You’ve finally gone and done it.
You believed what your teenager said about being “the only kid in his school” who doesn’t have a phone.
They wore you down.
All the terrible research about kids and phones became white noise. You told yourself, “I can put parental settings in place.” You ignored Chapter Fifteen of The Mean Mom’s Guide and went all in with technology.
I get it.
So, today was the day you marched into the AT&T store and purchased your child a smartphone.
Before you wrap up that box and stuff it under the tree you need to understand a little something…your parenting work has just begun.
You are about to hand over a laptop that fits in the palm of your child’s hand.
Remember how much you fretted over your first home computer and made sure to place it in the family room? You spent all that time making it kid-safe with the very best parental software and sat everyone down and shared the new guidelines you were all going to follow. After all, the family computer would have the ability to take your child anywhere in the world–and open up the possibility of anyone in the world reaching your child.
That home computer now moonlights as a telephone and fits easily in the back pocket of your child’s jeans. It will go go wherever he goes, except now you won’t be around.
It’s very important that you and your child have a nice chat about this phone they’re receiving. Before the send out their first text, Tweet or Snapchat, you both need to be on the same page.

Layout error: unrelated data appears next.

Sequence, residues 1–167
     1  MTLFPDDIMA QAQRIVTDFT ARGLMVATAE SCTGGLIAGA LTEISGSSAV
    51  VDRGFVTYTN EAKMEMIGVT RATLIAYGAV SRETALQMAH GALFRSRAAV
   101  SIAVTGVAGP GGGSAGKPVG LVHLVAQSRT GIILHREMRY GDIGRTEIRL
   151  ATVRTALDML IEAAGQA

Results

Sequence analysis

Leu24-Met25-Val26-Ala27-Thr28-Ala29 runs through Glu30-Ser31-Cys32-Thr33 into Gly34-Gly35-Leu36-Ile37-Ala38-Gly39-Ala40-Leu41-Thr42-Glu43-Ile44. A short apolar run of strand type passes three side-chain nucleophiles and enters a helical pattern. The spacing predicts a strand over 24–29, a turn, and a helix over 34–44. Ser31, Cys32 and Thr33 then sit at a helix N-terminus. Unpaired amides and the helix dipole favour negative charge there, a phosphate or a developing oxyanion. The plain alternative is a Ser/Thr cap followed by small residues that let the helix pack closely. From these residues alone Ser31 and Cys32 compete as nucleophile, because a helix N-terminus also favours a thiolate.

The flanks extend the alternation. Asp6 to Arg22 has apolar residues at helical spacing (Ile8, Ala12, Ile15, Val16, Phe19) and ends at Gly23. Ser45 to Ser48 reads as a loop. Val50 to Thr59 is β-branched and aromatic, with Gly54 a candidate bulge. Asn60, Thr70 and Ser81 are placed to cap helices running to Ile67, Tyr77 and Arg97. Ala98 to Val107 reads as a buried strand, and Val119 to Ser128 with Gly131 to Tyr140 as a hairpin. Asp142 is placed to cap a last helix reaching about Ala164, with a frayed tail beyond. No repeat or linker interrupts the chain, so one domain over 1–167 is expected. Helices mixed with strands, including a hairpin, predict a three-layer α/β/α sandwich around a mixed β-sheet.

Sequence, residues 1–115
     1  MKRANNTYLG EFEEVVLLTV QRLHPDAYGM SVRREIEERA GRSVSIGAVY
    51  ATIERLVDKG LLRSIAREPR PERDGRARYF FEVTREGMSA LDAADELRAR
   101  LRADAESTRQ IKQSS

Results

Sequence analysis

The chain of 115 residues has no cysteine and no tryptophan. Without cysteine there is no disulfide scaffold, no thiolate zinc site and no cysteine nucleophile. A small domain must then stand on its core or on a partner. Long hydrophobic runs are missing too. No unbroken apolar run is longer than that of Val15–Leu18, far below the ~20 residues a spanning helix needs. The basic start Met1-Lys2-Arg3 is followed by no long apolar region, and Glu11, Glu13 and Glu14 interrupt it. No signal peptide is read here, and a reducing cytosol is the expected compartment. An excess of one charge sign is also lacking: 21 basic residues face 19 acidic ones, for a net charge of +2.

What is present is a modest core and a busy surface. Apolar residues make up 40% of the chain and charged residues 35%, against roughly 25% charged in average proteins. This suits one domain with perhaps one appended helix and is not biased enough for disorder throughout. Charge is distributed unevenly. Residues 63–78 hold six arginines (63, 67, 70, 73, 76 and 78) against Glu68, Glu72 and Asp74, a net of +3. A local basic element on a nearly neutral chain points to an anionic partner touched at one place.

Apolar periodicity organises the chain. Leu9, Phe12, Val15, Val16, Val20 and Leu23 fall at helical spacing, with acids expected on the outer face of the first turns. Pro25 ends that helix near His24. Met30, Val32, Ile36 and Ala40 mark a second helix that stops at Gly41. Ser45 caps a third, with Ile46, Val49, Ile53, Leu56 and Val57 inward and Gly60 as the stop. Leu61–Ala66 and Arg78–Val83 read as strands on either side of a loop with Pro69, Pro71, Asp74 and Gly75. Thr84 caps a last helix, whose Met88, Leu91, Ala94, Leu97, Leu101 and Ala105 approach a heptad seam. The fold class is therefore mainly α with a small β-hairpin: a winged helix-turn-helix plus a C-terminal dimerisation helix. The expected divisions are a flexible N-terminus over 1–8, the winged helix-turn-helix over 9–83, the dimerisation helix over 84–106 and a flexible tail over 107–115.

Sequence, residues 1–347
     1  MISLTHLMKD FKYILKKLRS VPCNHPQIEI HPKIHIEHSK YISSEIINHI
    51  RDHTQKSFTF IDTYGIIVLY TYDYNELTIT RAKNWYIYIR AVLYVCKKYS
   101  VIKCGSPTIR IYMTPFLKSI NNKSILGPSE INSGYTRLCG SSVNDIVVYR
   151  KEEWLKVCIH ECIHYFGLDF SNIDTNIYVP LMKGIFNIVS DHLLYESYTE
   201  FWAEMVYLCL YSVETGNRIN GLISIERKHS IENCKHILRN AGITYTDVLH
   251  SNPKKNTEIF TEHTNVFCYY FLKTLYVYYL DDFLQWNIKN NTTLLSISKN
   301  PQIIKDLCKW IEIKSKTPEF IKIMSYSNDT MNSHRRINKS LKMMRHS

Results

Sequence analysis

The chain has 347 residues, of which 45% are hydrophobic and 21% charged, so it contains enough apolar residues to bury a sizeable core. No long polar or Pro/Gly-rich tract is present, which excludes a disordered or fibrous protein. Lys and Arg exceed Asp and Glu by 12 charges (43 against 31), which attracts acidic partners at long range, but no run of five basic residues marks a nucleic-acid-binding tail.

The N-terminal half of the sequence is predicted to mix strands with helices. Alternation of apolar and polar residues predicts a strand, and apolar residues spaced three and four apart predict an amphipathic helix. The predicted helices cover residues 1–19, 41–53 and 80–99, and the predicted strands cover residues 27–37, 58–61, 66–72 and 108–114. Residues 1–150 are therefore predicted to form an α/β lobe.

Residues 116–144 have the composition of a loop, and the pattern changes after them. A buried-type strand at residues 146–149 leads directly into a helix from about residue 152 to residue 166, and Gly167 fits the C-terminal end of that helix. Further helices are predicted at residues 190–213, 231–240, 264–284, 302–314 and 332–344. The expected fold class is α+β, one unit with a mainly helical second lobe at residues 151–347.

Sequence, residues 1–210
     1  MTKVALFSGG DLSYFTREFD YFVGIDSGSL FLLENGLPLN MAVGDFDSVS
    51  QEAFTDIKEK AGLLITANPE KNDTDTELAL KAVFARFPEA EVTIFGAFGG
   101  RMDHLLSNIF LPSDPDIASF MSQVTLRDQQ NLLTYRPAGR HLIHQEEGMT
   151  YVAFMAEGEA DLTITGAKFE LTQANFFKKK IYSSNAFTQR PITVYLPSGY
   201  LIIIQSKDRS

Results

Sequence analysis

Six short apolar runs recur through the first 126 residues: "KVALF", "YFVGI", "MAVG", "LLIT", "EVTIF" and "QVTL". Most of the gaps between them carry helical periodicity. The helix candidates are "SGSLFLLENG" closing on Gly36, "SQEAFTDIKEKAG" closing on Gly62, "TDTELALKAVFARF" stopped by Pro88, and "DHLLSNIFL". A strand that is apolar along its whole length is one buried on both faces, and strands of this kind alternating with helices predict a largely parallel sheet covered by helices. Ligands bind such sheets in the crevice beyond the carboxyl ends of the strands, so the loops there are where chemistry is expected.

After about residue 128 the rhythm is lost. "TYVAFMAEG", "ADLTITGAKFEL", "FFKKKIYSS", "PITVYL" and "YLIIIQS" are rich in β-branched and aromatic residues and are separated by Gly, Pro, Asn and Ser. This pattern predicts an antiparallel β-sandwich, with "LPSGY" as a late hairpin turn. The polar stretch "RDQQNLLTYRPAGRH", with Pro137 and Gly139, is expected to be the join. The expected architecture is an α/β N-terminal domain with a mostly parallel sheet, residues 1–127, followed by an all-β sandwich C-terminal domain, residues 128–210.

That’s why I’ve created a fabulously fantastic new tool for parents. Click below to download your very own FREE Cell Phone Contract.
Communication is key when it comes to parenting. This allows you the opportunity to discuss concerns together as a family. It sets the precedence for how the cell phone will be used and the responsibility it is.
Parenting is not for the faint of heart. Your teenager may not understand why you need to talk about their phone at all, and you’ll more than likely receive some push-back. This is where you must stand your ground. There will come a time when they will look back on the day they signed this “stupid contract”, except this time they’ll have adult perspective. They’ll call to ask you where you found such a fantastic printable…
And you, my friend, will be a legend.
Joanne Kraft is the author of The Mean Mom’s Guide to Raising Great Kids. Her four kids don’t get smartphones until they are able to make the monthly payments on their own. So far, one child was a senior in high school, two were juniors and one was a sophomore before smartphones came on the scene in her home. We told you she was mean.